Syrian War Anadolu Agency/Getty Images

Long Reads

Syria’s Shattered Mosaic

Thanks to support from Russia and Iran, Bashar al-Assad’s regime no longer faces collapse – and thanks to support from Saudi Arabia and other Gulf states, Assad’s various opponents continue to hold large swaths of territory. When will the war end, and how will the outcome shape the regional and global politics?

At some point, Syria’s civil war – now in its sixth year – will end. But how? As Abba Eban, Israel’s foreign minister during the Arab-Israeli wars of 1967 and 1973, once said: “History teaches us that men and nations behave wisely once they have exhausted all other alternatives.”

Sadly, the actors in the Syrian tragedy have yet to reach that point. Thanks to support from Russia and Iran, Bashar al-Assad’s regime no longer faces collapse. Thanks to support from Saudi Arabia and other Gulf states, Assad’s various opponents continue to hold large swaths of territory. And though the Islamic State (ISIS), sworn enemy not just of Assad but of all regimes, is losing ground, it remains powerful – and is demonstrating an alarming capacity to incite terrorist attacks in both Europe and the United States.

The military stalemate is mirrored by a political and diplomatic deadlock. Talks in Geneva have been an exercise in verbose frustration. A ceasefire painstakingly negotiated between the US and Russia in September ended in horrific bloodshed: on September 19, a United Nations humanitarian convoy was destroyed, either by Russian or Syrian jets (America’s accusation) or by rebel ground-fire (Russia’s assertion).

To continue reading, please subscribe to On Point.

To access On Point, log in or register now now and read two On Point articles for free. For unlimited access to the unrivaled analysis of On Point, subscribe now.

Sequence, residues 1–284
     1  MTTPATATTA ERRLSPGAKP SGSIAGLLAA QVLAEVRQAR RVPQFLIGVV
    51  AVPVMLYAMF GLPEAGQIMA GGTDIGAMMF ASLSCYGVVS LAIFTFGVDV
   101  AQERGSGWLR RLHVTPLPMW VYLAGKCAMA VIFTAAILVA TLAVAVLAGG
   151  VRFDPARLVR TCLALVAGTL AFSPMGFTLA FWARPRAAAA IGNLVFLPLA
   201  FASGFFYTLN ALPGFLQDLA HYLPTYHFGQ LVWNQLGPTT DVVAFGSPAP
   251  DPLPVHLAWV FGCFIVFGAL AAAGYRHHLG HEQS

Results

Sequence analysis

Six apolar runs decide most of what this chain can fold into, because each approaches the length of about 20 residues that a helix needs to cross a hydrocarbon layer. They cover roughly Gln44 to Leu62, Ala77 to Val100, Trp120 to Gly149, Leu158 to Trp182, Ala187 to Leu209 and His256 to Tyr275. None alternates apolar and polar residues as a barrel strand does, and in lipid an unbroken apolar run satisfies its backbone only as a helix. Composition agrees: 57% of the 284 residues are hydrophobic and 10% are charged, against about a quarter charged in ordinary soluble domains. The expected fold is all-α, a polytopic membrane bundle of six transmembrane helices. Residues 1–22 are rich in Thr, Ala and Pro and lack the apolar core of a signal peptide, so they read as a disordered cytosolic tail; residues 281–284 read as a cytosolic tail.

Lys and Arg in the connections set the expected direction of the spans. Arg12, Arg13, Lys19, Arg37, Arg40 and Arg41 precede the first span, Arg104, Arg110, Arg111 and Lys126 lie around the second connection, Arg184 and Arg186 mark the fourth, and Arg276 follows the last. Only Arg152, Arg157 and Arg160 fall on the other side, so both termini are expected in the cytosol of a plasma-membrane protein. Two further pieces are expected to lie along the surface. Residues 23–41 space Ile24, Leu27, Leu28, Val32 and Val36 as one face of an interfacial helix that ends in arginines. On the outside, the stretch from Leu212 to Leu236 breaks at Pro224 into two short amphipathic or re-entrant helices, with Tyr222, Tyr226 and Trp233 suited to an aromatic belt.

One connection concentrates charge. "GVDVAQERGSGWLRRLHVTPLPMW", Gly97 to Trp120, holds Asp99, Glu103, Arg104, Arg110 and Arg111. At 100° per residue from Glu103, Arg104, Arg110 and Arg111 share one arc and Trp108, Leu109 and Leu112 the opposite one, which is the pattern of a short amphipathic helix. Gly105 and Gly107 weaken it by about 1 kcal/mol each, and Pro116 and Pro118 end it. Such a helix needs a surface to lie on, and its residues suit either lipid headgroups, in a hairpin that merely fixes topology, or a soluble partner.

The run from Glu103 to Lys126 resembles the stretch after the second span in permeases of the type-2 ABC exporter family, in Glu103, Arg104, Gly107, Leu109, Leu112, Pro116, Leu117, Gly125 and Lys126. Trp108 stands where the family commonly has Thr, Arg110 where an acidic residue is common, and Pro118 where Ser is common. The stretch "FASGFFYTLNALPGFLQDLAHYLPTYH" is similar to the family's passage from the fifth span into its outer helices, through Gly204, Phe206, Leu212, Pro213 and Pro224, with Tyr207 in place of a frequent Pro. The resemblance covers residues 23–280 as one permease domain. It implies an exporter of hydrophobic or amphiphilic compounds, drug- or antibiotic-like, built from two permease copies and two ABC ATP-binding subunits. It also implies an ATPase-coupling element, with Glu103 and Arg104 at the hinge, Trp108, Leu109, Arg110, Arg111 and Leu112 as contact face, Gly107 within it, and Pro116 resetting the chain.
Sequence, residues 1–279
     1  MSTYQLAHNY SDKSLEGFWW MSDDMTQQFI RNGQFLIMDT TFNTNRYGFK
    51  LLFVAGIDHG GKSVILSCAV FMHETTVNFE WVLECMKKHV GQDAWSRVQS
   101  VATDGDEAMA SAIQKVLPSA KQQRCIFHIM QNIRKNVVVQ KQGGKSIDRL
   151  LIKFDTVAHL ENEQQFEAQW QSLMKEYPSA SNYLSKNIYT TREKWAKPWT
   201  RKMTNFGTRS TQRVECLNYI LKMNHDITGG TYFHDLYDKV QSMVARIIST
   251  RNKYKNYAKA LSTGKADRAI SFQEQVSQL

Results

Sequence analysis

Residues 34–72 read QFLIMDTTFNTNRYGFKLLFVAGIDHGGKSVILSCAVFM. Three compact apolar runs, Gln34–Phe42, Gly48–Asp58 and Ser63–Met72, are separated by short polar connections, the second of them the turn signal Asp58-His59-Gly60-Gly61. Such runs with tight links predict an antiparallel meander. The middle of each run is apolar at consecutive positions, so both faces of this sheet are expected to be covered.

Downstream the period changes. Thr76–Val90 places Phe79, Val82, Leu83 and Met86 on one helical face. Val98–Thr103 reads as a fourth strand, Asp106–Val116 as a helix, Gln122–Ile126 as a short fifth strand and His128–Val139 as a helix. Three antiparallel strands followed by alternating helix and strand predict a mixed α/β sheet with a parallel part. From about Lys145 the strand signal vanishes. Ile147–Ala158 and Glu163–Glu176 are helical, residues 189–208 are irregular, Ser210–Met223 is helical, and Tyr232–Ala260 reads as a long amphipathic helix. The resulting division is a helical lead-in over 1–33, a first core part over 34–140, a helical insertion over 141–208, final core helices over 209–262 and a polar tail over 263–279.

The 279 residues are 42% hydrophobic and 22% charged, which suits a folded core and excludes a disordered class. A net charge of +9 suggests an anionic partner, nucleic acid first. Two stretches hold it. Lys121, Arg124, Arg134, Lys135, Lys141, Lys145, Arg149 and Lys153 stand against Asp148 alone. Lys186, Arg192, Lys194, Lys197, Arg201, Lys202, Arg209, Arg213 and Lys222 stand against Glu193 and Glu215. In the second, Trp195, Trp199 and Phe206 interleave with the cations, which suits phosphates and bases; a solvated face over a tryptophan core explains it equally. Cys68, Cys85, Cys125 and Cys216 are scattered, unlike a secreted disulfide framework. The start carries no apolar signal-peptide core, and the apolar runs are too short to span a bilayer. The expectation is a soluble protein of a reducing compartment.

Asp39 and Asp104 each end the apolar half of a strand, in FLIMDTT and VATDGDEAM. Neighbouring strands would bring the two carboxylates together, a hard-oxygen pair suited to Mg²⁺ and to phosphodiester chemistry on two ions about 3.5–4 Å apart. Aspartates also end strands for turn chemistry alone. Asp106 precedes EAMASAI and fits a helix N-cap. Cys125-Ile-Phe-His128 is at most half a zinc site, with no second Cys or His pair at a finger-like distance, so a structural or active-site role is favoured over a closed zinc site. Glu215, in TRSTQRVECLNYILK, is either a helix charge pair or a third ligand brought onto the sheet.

required

Log in

http://prosyn.org/wmRFVgU;
  1. Trump visits China Thomas Peter-Pool/Getty Images

    China’s New World Order?

    • Now that Chinese President Xi Jinping has solidified his position as China’s most powerful leader since Mao Zedong, he will be able to pursue his vision of a China-led international order.

    • But if China wants to enjoy the benefits of regional or even global hegemony in the twenty-first century, it will have to prove itself ready to accept the responsibilities of leadership.
  2. Paul Manafort Alex Wong/Getty Images

    The Fall of the President’s Men

    • There can no longer be any doubt that Donald Trump is the ultimate target of Special Counsel Robert Mueller’s sweeping investigation of alleged Russian interference in the 2016 presidential election. 

    • But even if Mueller doesn’t catch Donald Trump in a crime, the president will leave much human and political wreckage behind.
  3. Painted portraits of Chinese President Xi Jinping and late communist leader Mao Zedong Greg Baker/Getty Images

    When China Leads

    For the last 40 years, China has implemented a national strategy that, despite its many twists and turns, has produced the economic and political juggernaut we see today. It would be reckless to assume, as many still do in the US, Europe, and elsewhere, that China’s transition to global preeminence will somehow simply implode, under the weight of the political and economic contradictions they believe to be inherent to the Chinese model.